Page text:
And, there are some surprises beneath the crust of sometimes dry text. Let’s kick off with what every aspiring thief and rogue needs to know…

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Magazine Spotlight on Whistling Shade: The HORROR ISSUE!

Monday, November 23rd, 2015 | Posted by Nick Ozment

whistling shadeUnless you frequent coffee shops, book- or record stores in Minneapolis and St. Paul, you probably have never come across the literary journal Whistling Shade, a fine regional publication currently in its fifteenth year. Black Gate readers may want to track down a copy of the Fall-Winter 2015 issue, though, as there is much herein of particular interest. No road trip or airline ticket is necessary: a full PDF replica of this horror-themed issue is available for $1 HERE. All of the issue’s contents are also posted (free) online HERE.

In addition to the horror fiction and poetry, the issue includes two excellent pieces on H.P. Lovecraft and Robert Bloch. Sten Johnson’s eight-page essay “The Lonely World of H.P. Lovecraft” is one of the finest introductions of the enigmatic author I’ve seen. It provides not only a lively biographical sketch but does a swell job of situating Lovecraft’s oeuvre in the canon of twentieth-century literature. In “Once More Around the Bloch: The Man Behind the Fright Mask,” Thomas R. Smith provides a tribute to his mentor Robert Bloch that is entertaining, insightful, and thought provoking.

Before I give you a rundown of the table of contents, please indulge me a moment while I brag a bit as a proud father. This issue marks the first publication for my six-year-old daughter. Her poem “The Ghost that Hides in My House,” which she came up with this past summer and I faithfully copied down, appears on page 2 of Whistling Shade‘s HORROR Issue! In landing her first acceptance at the age of six, she has got me beat by a full decade. The publisher has kindly granted me permission to reprint Irelyn’s poem here (Please check it out just after the “Read More” tag — she’s very excited about it and will be stoked to know lots more people read it online).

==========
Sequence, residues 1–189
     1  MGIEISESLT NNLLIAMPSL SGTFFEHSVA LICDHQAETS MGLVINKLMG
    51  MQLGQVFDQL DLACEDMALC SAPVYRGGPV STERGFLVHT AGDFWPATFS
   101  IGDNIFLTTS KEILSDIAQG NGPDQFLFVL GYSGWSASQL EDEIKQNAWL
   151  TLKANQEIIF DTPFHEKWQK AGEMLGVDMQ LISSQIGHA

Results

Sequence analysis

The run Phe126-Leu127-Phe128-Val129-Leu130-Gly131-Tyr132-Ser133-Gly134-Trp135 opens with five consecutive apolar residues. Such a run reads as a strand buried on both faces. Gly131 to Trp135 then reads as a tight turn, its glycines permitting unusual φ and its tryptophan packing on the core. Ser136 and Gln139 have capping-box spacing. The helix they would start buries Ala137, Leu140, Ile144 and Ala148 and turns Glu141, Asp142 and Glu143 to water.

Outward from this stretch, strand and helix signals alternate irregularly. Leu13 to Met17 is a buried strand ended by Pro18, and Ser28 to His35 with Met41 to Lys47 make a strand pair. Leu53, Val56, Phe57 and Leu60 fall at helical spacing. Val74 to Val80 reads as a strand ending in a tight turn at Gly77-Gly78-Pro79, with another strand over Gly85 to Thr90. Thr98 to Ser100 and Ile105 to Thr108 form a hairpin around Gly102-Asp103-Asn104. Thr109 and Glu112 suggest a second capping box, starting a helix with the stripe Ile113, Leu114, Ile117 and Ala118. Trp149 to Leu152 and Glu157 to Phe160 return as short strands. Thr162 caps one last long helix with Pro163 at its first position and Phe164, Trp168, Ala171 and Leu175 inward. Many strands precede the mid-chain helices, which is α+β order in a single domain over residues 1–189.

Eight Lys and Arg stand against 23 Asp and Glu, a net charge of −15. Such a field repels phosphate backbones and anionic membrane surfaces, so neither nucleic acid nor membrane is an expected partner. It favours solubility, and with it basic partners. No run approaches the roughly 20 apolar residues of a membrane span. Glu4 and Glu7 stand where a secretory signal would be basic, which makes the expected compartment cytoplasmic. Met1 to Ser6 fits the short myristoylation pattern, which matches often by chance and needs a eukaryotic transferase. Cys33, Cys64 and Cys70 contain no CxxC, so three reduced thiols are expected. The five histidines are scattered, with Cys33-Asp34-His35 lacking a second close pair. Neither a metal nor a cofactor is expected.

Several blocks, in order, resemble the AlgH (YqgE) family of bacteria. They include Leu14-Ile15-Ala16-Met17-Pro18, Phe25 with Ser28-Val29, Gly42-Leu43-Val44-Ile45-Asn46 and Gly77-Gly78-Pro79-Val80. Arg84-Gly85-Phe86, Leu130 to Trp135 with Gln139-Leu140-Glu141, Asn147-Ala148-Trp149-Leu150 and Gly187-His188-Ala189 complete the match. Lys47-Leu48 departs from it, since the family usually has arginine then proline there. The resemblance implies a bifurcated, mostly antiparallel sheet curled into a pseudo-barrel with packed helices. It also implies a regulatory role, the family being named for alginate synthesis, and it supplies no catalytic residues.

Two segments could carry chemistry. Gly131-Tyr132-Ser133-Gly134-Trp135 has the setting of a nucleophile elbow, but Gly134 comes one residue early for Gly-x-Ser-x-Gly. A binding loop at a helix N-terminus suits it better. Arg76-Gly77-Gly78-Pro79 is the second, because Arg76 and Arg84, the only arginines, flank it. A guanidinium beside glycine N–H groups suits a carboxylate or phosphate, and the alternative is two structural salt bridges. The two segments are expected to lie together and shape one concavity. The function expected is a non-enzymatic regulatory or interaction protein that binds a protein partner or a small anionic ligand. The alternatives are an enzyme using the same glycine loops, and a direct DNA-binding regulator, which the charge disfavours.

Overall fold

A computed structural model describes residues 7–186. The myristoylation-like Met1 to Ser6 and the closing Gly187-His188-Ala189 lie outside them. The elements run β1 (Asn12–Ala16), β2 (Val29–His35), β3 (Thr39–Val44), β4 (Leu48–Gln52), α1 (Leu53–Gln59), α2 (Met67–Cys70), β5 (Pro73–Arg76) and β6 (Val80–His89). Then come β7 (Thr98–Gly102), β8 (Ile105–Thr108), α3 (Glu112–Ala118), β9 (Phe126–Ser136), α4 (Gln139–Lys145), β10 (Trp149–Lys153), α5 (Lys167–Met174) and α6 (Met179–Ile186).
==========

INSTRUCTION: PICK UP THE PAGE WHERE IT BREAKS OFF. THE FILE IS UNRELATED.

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The Public Life of Sherlock Holmes: Vincent Starrett’s intro to The Adventures of Solar Pons

Monday, November 23rd, 2015 | Posted by Bob Byrne

Pons_StarrettAdventuresI received my DVD of Ian McKellan’s Mr. Holmes in the mail and anxiously popped it into the player, with the expectation that I would be writing about it for this week’s post. I fell asleep during the first try. Hey: I’m 48 years old and by the time my son is asleep and I settle down in front of the television, I’m near my own bedtime. It happens.

It took two further sessions to complete the film. It was such a disappointment that I’m not going to do a review. At least, not for a while. It’s a fair British melodrama, but as to the elements I look for in a Holmes movie, sadly lacking. I’ll note that most of my Holmes friends really liked it, so I’m in the minority. But that’s how I saw it.

Which left me with a hole in the schedule. An overview of Otto Penzler’s Sherlock Holmes Library (a nine-book collection of some classic Holmes writings from yesteryear) is high on my list. But I’ve still got some re-reading to do before that’s a go.

So, glancing over my shelves, my eyes, of course, wandered towards Solar Pons. Noted Sherlockian Vincent Starrett wrote the introduction to the first Pons short story collection, In Re: Sherlock Holmes – The Adventures of Solar Pons. I talked about the Doyle sons’ attempt to stop publication of that book in a prior post.

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Things Your Writing Teacher Never Told You: The Younger Sibling of 1st & Tight Limited 3rd: Simple Limited 3rd & The Case for Choosing A Single-Character POV